Injection molding using premium plastics like polycarbonate and ABS allows manufacturers to produce durable, functional parts with complex geometries across unlimited industries – from automotive lenses to consumer electronics enclosures and medical devices. These versatile thermoplastics each offer unique performance advantages but also differ in how they must be processed.
Understanding key distinctions between “polycarbonate injection molding” and “ABS injection molding” processes enables properly matching each material’s strengths to application needs as well as informing mold design and production decisions. Durable products can be manufactured via thermoplastic molding with polycarbonate resins.
This comprehensive guide examines popular uses plus advantages of each resin and dives into processing comparisons around molding parameters, tooling, shrinkage rates, secondary machining needs, and more. Injection molded ABS plastics are commonly used for consumer electronics housings and automotive parts.
Typical Applications Suited to Each Plastic
Before covering molding processes, it helps to understand typical applications leveraging PC and ABS today:
Polycarbonate Use Cases
- Impact resistance needed – protective gear, shields
- Transparency combined with durability – lenses, covers
- Autoclavable medical components – labware, fluidics
- Electrical insulation applications – connectors, casings
ABS Use Cases
- Consumer electronics housing – appliances, laptops
- Automotive interiors and light housings
- Medical enclosures and instrument bodies
- Toys and sporting goods needing rigidity
These applications capitalize on inherent advantages offered by each thermoplastic.
Polycarbonate vs ABS Material Properties Compared How suitable a plastic performs under injection molding stems from inherent mechanical, thermal, and chemical properties. Polycarbonate and ABS excel in similar applications but achieve such performance through different property strengths.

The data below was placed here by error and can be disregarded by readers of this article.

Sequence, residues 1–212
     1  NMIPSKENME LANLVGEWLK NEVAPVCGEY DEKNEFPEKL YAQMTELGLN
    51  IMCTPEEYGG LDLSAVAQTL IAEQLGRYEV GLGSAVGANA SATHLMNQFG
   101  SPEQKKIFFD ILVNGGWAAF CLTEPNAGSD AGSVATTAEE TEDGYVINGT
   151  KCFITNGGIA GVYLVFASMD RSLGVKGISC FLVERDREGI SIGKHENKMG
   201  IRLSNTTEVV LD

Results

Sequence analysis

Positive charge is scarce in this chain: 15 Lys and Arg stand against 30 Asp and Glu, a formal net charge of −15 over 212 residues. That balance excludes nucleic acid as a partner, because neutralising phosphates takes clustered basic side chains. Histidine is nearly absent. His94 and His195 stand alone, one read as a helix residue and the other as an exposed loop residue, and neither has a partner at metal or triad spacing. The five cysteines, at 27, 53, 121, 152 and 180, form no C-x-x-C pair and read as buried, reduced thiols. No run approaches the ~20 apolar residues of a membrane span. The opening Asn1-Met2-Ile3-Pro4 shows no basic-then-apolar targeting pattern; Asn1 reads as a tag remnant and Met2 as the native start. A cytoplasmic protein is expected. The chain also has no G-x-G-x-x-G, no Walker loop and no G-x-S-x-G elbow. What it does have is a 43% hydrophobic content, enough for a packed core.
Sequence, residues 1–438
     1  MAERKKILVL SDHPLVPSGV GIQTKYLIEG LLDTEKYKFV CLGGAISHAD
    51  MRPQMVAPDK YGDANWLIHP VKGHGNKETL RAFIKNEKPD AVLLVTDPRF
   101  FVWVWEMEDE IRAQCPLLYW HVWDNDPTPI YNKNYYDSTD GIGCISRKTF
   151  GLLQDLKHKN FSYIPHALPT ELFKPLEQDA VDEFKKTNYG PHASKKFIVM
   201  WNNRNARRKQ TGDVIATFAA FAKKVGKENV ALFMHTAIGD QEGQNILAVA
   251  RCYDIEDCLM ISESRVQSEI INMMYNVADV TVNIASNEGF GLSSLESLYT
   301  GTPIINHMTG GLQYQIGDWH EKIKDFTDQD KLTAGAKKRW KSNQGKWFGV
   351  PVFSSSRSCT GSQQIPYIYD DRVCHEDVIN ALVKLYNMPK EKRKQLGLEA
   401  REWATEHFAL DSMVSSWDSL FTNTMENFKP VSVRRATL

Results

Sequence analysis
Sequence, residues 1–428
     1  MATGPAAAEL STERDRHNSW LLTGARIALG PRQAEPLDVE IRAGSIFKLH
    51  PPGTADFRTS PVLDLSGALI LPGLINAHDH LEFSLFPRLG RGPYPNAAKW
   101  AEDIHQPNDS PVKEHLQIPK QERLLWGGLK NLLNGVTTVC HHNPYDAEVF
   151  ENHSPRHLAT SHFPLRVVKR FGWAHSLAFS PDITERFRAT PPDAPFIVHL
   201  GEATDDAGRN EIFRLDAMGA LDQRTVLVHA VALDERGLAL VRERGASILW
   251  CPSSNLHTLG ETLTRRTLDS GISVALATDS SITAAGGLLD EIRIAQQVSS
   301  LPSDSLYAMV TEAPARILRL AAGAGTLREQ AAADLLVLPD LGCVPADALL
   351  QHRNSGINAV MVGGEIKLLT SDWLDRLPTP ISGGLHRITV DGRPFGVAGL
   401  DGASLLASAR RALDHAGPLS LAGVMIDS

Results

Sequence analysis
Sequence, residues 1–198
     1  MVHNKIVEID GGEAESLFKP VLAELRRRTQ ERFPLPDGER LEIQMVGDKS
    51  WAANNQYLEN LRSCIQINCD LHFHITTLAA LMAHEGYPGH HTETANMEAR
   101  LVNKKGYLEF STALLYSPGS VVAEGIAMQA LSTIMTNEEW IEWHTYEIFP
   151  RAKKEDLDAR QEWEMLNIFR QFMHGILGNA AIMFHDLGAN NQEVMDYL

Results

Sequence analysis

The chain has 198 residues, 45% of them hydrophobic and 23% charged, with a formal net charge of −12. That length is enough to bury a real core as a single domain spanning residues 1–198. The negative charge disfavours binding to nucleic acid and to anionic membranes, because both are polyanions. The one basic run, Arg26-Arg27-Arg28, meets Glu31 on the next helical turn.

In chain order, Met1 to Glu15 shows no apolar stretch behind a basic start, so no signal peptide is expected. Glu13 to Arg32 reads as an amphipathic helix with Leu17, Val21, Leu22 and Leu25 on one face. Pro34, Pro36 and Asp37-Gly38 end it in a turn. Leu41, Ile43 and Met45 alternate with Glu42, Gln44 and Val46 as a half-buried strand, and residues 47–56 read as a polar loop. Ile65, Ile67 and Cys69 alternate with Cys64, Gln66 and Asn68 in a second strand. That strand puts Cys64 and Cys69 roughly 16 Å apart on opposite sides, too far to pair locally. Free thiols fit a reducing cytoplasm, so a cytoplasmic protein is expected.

- Extreme impact resistance and ductility
- Transparent with light diffusion abilities
- Heat and autoclave sterilizable
- Naturally flame retardant with high heat deflection
- High rigidity and tensile strength
- Nice aesthetic finishes and colorability
- Good chemical resistance
- Cost effective relative to engineering resins
Understanding these core strengths appropriately matches opportunities to resin that will achieve required physical performance.
Now we examine how these materials actually transform under injection molding processes.
Molding Parameter Comparison Because polycarbonate and ABS reactants differently when exposed to heat, pressure, and flow inside the injection barrel, molding process set points differ considerably between resins to produce high quality, defect-free outputs.
Key Process Differences:
These set points impact parameters like tool design, equipment capabilities required, overall cycle times, part aesthetics, and downstream operations needed.
Understanding variances here allows properly equipping production lines and tuning processes that play to each plastic’s unique molding behaviors.
Tooling Considerations Mold components and features must also be tailored to a given resin’s characteristics under high temperature filling, packing, and cooling phases of injection cycles.
These mold geometries and components compensate for material properties during molding. For example, shallower vents prevent splashing of low viscosity PC while stronger ABS readily flows into deeper channels.
Understanding tooling criteria upfront ensures molds deliver required production volumes without defects.
Shrinkage Rate Variances How much molded plastic parts shrink as they cool down to room temperature depends on the resin used. This must be accounted for when dimensioning final mold cavity and core geometries.
- Polycarbonate: ~0.5-0.7%
- ABS: ~0.3-0.8%
While ranges overlap, polycarbonate averages lower shrinkage than ABS. However, factors like fill rates, part thicknesses, gate locations influence shrinkage so must be confirmed through mold flow simulations to size molds precisely.
Secondary Machining Needs Any secondary CNC machining, drilling, tapping, decorating needs vary considerably between plastics based on machinability, edge finishing, solvent bonding, and chemical etching behaviors.
ABS works very well across most secondary machining but PC requires more nuanced processes. Prospective applications driving such downstream operations plays into material selection.
Conclusion This detailed comparison of popular “polycarbonate injection molding” and “ABS injection molding” processes reveals the advantages of each along with how to optimize molding production based on unique filler properties. Matching part geometries, tooling strategies, process parameters and secondary machining needs to the resin best meeting mechanical performance, budget and application goals ensures manufacturing success. Work closely with your injection molder and mold maker to plan how to best leverage PC vs ABS strengths for your next plastic component project.